I was out with a couple of clients yesterday doing a horticultural analysis of a new property they’d bought, when one of the ladies picked up something and said, “what’s this?”
That is a species of Ganoderma – known in Asian medicine as a “reishi” mushroom.
They feed on decaying trees. When we looked around, we found a half-dozen or more growing near the first one around the base of a dead oak.
Here’s one we didn’t pick:
They’re really beautiful and weird.
Though they’re non-toxic, they’re not at all good as a culinary mushroom. I’ve made them into tea by chopping them into little pieces and boiling until the water turns dark. It’s a bitter, earthy brew that’s supposed to be incredibly good for your immune system. I’m probably doing it wrong, though, so don’t just take my word on the preparation method.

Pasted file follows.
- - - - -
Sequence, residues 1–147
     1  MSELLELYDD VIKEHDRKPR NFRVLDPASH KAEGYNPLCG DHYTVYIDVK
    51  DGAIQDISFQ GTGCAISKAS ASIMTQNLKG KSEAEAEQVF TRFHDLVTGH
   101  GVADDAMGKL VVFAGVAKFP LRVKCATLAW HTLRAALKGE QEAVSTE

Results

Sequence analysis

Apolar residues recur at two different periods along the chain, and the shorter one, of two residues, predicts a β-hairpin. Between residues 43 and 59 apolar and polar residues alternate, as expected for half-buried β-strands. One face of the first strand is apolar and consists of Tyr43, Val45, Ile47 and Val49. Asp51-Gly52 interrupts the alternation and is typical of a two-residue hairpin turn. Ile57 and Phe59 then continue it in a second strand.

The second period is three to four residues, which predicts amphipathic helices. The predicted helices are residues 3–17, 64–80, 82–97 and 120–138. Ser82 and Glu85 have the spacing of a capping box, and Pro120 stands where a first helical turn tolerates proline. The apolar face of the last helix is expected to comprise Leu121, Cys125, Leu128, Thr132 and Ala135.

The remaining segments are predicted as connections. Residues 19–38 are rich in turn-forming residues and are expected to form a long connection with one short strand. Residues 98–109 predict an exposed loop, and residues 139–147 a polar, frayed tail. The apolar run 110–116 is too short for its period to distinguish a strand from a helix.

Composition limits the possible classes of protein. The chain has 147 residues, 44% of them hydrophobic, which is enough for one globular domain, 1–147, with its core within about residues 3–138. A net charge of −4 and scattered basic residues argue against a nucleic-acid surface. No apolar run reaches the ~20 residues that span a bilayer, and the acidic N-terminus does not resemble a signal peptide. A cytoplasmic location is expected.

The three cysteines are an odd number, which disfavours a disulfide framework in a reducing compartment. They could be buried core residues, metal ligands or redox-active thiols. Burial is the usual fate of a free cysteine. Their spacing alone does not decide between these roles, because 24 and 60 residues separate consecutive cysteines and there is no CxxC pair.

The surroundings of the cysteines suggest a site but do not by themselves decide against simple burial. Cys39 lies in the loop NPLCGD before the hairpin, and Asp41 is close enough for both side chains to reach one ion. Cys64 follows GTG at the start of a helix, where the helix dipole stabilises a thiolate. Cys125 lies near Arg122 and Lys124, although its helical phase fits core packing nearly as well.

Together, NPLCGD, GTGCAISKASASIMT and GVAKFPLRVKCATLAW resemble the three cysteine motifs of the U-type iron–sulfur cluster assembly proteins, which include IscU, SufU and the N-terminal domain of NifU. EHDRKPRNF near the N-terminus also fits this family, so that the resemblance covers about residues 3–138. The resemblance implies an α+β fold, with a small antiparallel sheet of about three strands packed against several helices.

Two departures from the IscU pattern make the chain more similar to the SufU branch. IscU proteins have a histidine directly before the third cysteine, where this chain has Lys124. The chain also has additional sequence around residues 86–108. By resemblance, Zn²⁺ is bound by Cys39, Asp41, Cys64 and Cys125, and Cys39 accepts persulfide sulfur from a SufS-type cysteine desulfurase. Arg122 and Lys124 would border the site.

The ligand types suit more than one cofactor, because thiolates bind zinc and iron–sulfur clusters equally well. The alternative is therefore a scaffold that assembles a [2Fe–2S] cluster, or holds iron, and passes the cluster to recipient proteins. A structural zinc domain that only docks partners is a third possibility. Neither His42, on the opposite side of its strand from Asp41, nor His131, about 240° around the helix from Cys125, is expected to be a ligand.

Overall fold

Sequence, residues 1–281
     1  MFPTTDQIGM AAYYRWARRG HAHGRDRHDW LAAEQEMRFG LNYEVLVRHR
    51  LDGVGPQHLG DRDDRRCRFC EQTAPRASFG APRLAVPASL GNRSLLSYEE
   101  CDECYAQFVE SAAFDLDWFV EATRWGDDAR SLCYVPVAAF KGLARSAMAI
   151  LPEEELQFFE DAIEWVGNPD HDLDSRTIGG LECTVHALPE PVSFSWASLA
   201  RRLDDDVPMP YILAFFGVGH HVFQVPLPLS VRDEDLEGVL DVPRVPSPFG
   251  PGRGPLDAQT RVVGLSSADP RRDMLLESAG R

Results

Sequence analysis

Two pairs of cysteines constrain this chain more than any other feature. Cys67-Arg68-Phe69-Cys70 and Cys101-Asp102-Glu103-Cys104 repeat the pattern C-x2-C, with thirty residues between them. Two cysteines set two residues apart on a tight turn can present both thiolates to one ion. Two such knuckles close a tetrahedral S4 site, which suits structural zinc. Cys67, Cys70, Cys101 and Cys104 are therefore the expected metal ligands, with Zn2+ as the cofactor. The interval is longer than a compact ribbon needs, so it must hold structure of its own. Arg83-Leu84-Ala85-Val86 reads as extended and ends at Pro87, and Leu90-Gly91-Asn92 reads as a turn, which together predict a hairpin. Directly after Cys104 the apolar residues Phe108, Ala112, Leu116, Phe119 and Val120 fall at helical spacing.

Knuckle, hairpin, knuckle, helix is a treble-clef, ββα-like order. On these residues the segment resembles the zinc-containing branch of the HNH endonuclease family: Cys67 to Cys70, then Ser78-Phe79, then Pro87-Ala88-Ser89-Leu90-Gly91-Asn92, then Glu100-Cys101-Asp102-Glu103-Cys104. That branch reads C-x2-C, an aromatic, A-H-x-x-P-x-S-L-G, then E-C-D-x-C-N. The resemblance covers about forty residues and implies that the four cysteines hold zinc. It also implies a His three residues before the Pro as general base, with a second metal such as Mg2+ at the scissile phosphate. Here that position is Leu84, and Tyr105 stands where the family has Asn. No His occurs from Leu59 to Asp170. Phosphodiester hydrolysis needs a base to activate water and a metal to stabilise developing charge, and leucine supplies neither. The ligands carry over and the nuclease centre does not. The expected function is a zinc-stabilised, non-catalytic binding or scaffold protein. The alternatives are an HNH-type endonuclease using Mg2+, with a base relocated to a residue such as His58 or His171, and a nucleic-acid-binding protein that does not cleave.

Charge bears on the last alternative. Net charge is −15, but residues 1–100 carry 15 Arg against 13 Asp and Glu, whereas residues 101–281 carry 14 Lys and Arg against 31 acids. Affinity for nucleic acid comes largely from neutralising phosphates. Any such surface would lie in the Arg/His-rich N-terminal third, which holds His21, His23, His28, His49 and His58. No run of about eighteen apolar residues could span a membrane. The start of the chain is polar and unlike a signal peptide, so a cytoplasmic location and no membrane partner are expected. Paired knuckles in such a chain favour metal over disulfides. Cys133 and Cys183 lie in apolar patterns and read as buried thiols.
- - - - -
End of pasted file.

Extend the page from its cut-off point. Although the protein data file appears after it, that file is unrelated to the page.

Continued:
Also, don’t go eating any mushrooms you’re not sure about. They defend themselves really well… meaning that many will kill you.
If you’re interested in growing your knowledge base and mushroom hunting safely, check out my list of the best mushroom foraging books here.
I do the double extract method with medicinal polypore mushrooms. Shred up and soak in alcohol to make a tincture for a couple of months, then strain and boil the solids in water for hours. Reduce the tea by evaporation and mix the tea and tincture together. That way you get both the water and alcohol soluble portions. Those look really nice. We don’t have that type out here.
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